It also said it plans to shift newly written insurance to a subsidiary beginning Jan. 1, and the parent company will then stop writing new business.
The company said the state of Wisconsin has allowed MGIC to contribute up to $1 billion to its subsidiary MGIC Indemnity Corp. to enable that entity to begin writing new mortgage guaranty insurance as of Jan. 1. MGIC plans to provide the capital in two $500 million installments, with the first slated for July 31.
However, the state's insurance commissioner must still specifically authorize the subsidiary to begin writing insurance, as must each state.
The subsidiary must also be approved as an eligible insurer by Fannie Mae and/or Freddie Mac, neither of which has yet done so.
"We cannot predict whether these approvals will be obtained and if so on what conditions," the company said.
If they must continue to write new business through the parent company, MGIC "will need either additional capital or relief from the regulatory capital requirements in 16 states," the company continue. In 14 of those state, relief will require new legislation or insurance regulation changes.
MGIC said it has not yet tried to raise capital from private sources, but has had discussions with the U.S. Treasury to seek a capital investment.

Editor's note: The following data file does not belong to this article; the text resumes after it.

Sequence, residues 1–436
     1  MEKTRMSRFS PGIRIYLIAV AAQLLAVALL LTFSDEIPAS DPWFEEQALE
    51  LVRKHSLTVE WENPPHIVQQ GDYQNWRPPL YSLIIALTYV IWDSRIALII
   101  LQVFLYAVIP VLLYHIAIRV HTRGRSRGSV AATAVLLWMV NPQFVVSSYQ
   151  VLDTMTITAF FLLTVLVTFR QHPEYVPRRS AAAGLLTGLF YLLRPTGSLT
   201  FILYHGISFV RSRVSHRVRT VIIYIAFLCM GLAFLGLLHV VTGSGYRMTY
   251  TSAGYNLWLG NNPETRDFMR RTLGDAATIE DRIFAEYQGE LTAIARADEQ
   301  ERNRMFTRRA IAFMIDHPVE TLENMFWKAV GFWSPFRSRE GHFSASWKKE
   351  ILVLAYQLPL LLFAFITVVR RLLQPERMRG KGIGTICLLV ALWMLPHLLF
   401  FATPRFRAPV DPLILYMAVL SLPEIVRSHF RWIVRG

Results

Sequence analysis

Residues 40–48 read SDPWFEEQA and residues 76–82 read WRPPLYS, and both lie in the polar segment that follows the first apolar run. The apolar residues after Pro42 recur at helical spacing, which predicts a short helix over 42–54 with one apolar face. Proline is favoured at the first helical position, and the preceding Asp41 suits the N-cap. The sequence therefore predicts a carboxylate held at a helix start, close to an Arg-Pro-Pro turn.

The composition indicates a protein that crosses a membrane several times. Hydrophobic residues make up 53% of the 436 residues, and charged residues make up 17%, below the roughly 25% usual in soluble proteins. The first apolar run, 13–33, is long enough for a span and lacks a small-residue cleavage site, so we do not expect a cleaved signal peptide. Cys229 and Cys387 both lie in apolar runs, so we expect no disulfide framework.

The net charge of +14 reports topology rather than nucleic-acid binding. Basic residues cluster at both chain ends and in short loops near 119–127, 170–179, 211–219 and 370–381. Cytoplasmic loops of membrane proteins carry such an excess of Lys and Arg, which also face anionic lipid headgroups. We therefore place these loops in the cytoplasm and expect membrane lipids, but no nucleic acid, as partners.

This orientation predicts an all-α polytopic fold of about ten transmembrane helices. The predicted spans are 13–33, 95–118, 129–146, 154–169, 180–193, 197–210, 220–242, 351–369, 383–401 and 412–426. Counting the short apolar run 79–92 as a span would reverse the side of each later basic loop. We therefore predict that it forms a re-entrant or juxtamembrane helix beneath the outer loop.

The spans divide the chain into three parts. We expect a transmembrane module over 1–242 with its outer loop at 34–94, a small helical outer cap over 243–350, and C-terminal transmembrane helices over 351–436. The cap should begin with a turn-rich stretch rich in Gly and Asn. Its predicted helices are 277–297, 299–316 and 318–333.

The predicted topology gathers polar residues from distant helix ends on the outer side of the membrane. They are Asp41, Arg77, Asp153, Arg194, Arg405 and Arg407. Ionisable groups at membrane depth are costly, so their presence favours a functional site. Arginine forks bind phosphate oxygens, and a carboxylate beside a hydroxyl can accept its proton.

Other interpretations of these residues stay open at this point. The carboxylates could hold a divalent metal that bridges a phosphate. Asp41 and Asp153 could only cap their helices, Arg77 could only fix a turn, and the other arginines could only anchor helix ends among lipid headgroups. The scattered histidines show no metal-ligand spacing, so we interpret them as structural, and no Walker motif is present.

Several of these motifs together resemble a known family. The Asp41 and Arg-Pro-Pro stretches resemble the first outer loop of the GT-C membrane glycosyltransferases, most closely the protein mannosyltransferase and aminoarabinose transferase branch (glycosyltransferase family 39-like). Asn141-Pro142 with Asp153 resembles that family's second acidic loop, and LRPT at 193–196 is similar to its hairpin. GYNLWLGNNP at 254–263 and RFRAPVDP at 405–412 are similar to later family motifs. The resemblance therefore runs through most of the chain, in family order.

See what I mean?

MTG is basically done. They cannot do any new business and need gobs of capital to go on. So they are done? Well no. I guess you can make a new company, capitalize that, and through the magic of financial engineering, nobody is supposed to see that the new company is just a smaller version of the bigger failed one! Amazing!

I have no idea how this works or who would pony up any money for it. Never fear, here is the 5 day chart for a company that will no longer do business and will use a "mini me" firm to write new coverage as if nothing is wrong;

Nice chart!

The other news that has be befuddled is all the wrangling over the fate of CIT. The government seems ready to let CIT go down and they judge CIT is not a good taxpayer money risk. I mean things have to be really bad for that to be true! Today there was serious talk (and a 70% rise in the penny stock) that either or both Goldman Sachs and JP Morgan could extend the firm some financing. This of course makes no sense.